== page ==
This might just be my Patriots bias showing, but I like Sean McVay. Possibly more than I've liked any non-former Patriots head coach besides Sean Payton, who was always on the side of the angels thanks to his relationship with Bill Belichick and the fact he too was persecuted by Ginger Satan.
I've liked McVay ever since Super Bowl LIII, when he gave Belichick the same treatment Chris Farley gave Paul McCartney:
I mean, sure, as I watch this a part of me is a little insecure about someone else working my side of the street. But like in their case, the respect between Bill and me is a mutual one. So I'm good with McVay. There's room for another fanboy in this entourage. But gee whiz, fella. I've never been this shameless with the man. Take it down about 15%.
With that said, I honestly feel bad for McVay. Yes, he's a respected offensive genius and one win away from going back to his second Super Bowl in the last four. He's young and successful and has what some might consider to be a moderately attractive spouse. But still, he deserves better. At least in terms of fan support.
That he, in the lead up to hosting an NFC championship game has been reduced to doing this is just degrading and humilating:
Source - The last time the Los Angeles Rams and San Francisco 49ers squared off, Rams fans appeared to be outnumbered in their own stadium. There was a blanket of red that flooded the stands at SoFi Stadium, making it difficult for the Rams to communicate on offense.
Sean McVay would prefer if that didn’t happen again on Sunday. He urged fans not to sell their tickets to the NFC Championship Game, saying the Rams would appreciate it if they held onto them.
“I tell you what, what a great opportunity that we have to be able to put together a great week of preparation so that we can have something that the fans can be proud of. And to be able to play at home, SoFi Mr. Kroenke’s house that he built, an NFC Championship. Couldn’t be more appreciative of the support we felt from our fans throughout the whole year. I thought the Monday night atmosphere was electric and looking to create something (similar) – and even that much more – for the NFC Championship. Really grateful for those Rams fans. Hold onto those tickets and it’ll be much appreciated. But our guys are looking forward to putting on a good show against a great opponent. Can’t wait to be able to do it and don’t sell those tickets!”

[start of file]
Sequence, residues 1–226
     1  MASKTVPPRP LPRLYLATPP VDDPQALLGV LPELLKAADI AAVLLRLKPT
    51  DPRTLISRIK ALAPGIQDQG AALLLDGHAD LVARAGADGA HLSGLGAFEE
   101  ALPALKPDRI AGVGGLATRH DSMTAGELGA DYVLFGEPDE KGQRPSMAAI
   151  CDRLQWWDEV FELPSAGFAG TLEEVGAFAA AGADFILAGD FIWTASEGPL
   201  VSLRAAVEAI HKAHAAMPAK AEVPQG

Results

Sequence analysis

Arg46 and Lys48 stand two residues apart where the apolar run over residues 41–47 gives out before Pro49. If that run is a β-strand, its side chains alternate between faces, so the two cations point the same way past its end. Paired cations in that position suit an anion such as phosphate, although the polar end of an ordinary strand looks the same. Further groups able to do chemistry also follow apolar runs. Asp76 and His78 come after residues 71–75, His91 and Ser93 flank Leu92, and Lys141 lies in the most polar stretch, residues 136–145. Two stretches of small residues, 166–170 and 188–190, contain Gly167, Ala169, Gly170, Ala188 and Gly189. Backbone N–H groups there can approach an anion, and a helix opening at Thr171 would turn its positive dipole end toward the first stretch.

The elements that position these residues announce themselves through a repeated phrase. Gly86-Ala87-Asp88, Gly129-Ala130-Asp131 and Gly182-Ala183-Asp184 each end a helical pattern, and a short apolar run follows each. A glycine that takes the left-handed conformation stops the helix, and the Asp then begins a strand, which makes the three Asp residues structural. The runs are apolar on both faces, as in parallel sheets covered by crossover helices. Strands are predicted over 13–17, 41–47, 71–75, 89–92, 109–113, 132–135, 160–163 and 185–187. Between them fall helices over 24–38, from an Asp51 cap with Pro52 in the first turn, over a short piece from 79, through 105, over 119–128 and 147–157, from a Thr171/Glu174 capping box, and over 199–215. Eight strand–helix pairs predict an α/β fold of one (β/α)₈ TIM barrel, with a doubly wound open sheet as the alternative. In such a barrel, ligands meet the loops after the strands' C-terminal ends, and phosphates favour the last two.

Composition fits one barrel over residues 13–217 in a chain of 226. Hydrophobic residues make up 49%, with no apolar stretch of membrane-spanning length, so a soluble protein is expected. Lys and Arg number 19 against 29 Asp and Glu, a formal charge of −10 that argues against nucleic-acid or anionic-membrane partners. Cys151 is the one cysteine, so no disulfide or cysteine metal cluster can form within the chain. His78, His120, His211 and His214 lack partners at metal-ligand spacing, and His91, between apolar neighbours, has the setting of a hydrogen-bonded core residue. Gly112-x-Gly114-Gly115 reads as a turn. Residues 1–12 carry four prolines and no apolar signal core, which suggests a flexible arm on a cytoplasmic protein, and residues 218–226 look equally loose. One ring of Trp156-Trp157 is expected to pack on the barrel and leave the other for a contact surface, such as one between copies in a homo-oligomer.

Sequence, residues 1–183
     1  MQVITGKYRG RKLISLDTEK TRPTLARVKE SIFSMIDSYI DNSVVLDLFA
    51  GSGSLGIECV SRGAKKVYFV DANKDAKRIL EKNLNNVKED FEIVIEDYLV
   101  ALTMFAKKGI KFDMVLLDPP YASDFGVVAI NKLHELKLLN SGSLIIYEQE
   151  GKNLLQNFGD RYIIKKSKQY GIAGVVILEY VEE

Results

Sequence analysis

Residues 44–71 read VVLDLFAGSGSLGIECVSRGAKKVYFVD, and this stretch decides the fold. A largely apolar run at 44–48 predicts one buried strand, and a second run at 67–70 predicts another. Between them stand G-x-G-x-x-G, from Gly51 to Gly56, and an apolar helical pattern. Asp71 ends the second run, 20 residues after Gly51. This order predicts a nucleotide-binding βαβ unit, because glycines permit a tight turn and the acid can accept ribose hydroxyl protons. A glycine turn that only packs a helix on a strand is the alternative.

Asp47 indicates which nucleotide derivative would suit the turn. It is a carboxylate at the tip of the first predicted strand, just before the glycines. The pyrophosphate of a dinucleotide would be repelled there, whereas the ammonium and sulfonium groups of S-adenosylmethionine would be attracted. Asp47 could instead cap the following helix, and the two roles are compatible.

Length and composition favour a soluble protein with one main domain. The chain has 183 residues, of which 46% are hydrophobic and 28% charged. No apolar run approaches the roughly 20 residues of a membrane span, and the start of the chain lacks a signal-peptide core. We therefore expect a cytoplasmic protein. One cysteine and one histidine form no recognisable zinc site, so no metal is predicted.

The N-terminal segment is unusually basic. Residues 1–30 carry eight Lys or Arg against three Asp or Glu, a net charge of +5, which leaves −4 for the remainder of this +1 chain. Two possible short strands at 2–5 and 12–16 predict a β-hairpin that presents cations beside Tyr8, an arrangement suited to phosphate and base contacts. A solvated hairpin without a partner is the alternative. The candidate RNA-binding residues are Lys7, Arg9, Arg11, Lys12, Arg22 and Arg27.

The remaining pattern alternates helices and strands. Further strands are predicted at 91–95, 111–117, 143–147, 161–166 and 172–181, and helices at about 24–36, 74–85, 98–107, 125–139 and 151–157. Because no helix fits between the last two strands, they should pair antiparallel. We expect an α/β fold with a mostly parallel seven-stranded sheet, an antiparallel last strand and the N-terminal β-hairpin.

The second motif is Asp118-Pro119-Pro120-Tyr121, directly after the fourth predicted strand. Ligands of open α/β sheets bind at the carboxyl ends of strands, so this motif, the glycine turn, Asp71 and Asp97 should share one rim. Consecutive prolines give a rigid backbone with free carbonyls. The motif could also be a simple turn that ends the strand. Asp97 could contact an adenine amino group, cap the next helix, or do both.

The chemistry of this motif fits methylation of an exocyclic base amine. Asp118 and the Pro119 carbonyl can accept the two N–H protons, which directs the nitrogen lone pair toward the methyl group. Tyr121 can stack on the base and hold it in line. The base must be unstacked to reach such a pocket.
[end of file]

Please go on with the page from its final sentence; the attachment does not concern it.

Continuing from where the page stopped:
And also outrageous. This talented, appreciative man having to plead with his city to turn out to see his team like he's Norman Dale telling the kids at Hickory that he might only have five players and no Jimmy Chitwood, but they deserve support. And not the coach of a team in the NFL's Final Four. It's a grim reminder that NFL life is not a meritocracy. That deserving has nothing to do with getting. There are a couple of dozen fanbases who would, en masse, cut a major organ out of their own bodies and sacrifice it to a vengeful god for a team in a conference championship and a coach like McVay. But the second largest city in America is pretty much indifferent.
If there was any justice, Los Angeles wouldn't have any NFL team. But they have two. And the more popular (using the term as loosely as possible) one is about to have a road game in their own stadium. Because they're only in that stadium as part of a land development deal involving the team owner. One he and the NFL are being sued for by St. Louis, a market that apparently actually gives a shit the Rams exist. Which is more than anyone can say about this wretched hive of scum and villainy on the Pacific.
Not that anyone should be surprised. LA didn't show up the last time the Rams were in contention. This:
As opposed to this:
As much as I like McVay, this only solidifies my support for San Francisco. He might deserve better, but the city he has the misfortune of coaching does not. From whom much is given, much is expected. And Los Angeles doesn't deliver. I hope that palace, that monument to hideous excess, is painted red from one end to the other with Jimmy Garoppolo jerseys. I won't root for a city that doesn't have the common decency to root for itself.
I say again: The McVays deserve better.